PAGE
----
Archive for November, 2011

Teaching for Creativity: Two Cool Web Sites

One of the ways that I like to inspire and motivate my own creativity is to surf the web and see what’s happening at other places and museums in the world.  When I find something I like, I will periodically revisit a web site to see what is new and also reconnect with some of the creative sparks that caught my mind on the first visit.  For this post in the Teaching for Creativity series, I am sharing with you two art museum web sites that are quickly becoming regular stops on my web surfing adventures, and are particularly relevant to the themes of art, artists, and creativity.

Tate Modern: turbinegeneration
This innovative website is based on the idea of international exchange and collaboration. Designed for schools, artists, and galleries, the Tate’s Unilever Series: turbinegeneration project is an offshoot of their annual Turbine Hall installation sponsored by Unilever.  Each year, the Tate Modern commissions an artist to create an installation for this colossal space.  The most recent Unilever Series artist featured on the turbinegeneration website is Ai Weiwei.  The next artist to be featured is Tacita Dean.  The installation created by each artist serves as the catalyst for students, teachers, and artists participating in the turbinegeneration project.  Through basic social media, participants can connect and share ideas and artworks that are inspired by the work of artists featured in the Unilever Series.  An online gallery of artworks created in response to the work of Ai Weiwei includes participants from Brazil, United Kingdom, Korea, Portugal, and India.  How cool is it to see how students across the world respond to the work of this contemporary artist!

Denver Art Museum: Creativity Resource for Teachers
This website from the Denver Art Museum launched several years ago on the premise that the creativity of artists can inspire the creativity in each of us.  The site houses a wealth of resources that can be sorted by artwork or lesson plan topic and grade level. Each featured artwork includes information about the maker and the inspiration for the piece, as well as things to look for and multimedia resources that may be useful for teaching.  

What websites inspire you?  Which ones do you find yourself returning to over and over again for creative ideas?  Share your websites in the comment section below – I would love to hear about them and add them to my web surfing adventures.

Nicole Stutzman
Director of Teaching Programs and Partnerships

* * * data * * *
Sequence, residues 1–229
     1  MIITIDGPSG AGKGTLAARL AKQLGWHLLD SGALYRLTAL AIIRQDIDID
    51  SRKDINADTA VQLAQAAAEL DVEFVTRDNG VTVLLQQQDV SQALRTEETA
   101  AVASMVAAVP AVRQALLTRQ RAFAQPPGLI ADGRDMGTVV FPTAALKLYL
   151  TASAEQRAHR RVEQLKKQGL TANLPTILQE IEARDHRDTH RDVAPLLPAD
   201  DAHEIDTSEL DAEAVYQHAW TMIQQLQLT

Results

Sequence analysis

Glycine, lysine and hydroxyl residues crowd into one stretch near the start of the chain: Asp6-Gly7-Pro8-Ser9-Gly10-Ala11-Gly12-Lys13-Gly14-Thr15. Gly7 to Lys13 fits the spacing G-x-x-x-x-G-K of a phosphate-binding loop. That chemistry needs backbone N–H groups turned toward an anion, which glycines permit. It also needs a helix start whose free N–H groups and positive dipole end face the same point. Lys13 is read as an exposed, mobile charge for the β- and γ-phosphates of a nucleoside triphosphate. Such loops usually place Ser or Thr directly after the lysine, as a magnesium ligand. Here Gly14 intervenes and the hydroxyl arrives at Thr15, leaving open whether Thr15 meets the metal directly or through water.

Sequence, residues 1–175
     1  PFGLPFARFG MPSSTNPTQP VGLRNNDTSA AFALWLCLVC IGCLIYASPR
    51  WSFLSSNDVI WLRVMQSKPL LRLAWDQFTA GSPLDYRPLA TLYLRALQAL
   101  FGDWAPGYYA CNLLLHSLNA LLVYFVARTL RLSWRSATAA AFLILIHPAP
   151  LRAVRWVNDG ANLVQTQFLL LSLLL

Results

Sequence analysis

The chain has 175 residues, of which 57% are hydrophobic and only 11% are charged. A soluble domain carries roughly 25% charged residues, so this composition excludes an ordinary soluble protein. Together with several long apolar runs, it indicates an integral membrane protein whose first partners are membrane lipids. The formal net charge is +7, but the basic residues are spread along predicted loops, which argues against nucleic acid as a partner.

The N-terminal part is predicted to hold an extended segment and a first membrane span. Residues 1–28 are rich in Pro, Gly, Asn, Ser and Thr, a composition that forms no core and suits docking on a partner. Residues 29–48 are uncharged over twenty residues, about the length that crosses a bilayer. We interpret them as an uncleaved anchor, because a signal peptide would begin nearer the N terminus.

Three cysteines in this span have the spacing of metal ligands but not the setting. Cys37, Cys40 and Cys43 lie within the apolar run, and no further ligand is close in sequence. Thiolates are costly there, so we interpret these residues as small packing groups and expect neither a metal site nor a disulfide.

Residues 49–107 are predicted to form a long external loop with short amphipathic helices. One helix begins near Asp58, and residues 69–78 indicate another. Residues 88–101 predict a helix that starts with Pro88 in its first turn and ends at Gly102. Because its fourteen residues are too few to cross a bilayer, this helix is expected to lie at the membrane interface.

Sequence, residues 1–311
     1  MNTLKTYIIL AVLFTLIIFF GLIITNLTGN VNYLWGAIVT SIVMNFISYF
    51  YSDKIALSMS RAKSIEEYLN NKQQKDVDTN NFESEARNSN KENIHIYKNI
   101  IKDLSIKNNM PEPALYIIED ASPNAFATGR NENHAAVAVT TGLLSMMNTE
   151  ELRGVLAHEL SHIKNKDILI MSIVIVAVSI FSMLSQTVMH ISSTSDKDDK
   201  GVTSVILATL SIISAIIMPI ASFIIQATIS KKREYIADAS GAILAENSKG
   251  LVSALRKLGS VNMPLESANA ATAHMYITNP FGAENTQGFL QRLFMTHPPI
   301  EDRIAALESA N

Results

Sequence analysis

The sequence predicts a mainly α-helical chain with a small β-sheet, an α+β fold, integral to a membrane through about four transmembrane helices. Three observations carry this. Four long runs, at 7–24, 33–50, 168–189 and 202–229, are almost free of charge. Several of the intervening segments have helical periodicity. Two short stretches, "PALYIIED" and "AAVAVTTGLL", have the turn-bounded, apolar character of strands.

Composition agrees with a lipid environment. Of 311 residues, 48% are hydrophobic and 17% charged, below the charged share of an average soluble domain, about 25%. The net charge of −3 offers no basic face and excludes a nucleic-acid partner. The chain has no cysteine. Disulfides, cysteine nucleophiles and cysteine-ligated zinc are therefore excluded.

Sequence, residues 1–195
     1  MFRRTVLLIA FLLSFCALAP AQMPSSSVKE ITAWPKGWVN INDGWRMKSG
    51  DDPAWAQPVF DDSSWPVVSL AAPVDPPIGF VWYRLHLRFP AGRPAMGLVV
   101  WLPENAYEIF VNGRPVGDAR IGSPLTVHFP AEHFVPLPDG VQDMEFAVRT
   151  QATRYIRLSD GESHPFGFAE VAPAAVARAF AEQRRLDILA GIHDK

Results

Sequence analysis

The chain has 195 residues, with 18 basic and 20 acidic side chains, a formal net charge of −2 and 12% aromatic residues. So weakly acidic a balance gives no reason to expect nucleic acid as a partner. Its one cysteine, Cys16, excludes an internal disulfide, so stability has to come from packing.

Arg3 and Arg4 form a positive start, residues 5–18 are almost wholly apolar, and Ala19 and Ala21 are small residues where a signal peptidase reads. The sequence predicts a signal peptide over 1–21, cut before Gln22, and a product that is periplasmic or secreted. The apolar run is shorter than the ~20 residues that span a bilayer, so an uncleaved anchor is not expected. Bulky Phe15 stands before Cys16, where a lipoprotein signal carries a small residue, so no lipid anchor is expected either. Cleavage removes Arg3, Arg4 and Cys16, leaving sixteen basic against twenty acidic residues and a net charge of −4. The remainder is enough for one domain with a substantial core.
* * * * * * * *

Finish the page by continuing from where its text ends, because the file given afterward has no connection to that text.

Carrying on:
Friday Photos: Haute Couture at the DMA

Jean Paul Gaultier is known for his attention to even the slightest details when it comes to dressing his runway models; he often reworks and adds accessories at the very last second during his fashion shows. He understands the significance of that ever important “finishing touch”. From handbags to headbands, necklaces to neckties, accessories can transform a dull outfit into a dazzling ensemble. Our final installment of Haute Couture at the DMA highlights some of the finest accessories that the DMA has to offer.

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I hope that these posts will inspire you to find your own fashion favorites the next time you visit the DMA!

Jessica Kennedy

McDermott Intern for Gallery Teaching

Images used:

Sarah Badger Noyes (1747-1788), Attributed to Joseph Badger, c. 1760-1765, oil on canvas, Dallas Museum of Art, The Faith P. and Charles L. Bybee Collection, gift of Faith P. Bybee

Art Beauty Shoppe, Isaac Soyer, 1934, oil on canvas, Dallas Museum of Art, gift of the Public Works of Art Project

Necklace, Tanjore, Tamil Nadu, India, 19th century, gold, pearls, diamonds, rubies, and emeralds, Dallas Museum of Art, gift of David T. Owsley in memory of his mother Lucy Ball Owsley via the Alconda-Owsley Foundation

Single snake armlet, Roman, 2nd century B.C., gold, chased, Dallas Museum of Art, Museum League Purchase Funds, The Eugene and Margaret McDermott Art Fund, Inc., and Cecil H. and Ida M. Green in honor of Virginia Lucas Nick

Figure of a dancer, Mohini, 10th-12th century, marble, Mount Abu area, Rajasthan, India, Dallas Museum of Art, gift of the Alvin and Lucy Owsley Foundation

Bust of a bodhisattva, Kushan, 2nd-3rd century, gray schist, Gandharan region, Pakistan, Dallas Museum of Art, gift of Margaret J. and George V. Charlton

Manjusri, Nepal or Tibet, 18th century, gilt bronze, semiprecious stones, Dallas Museum of Art, bequest of Mrs. E.R. Brown

Spanish Woman Wearing a Black Cross, Édouard Manet, 1865, oil on canvas, Dallas Museum of Art, The Wendy and Emery Reves Collection

Pair of ear pendants, Greek, Hellenistic Greek, 2nd century B.C., gold, Dallas Museum of Art, Museum League Purchase Funds, The Eugene and Margaret McDermott Art Fund, Inc., and Cecil H. and Ida M. Green in honor of Virginia Lucas Nick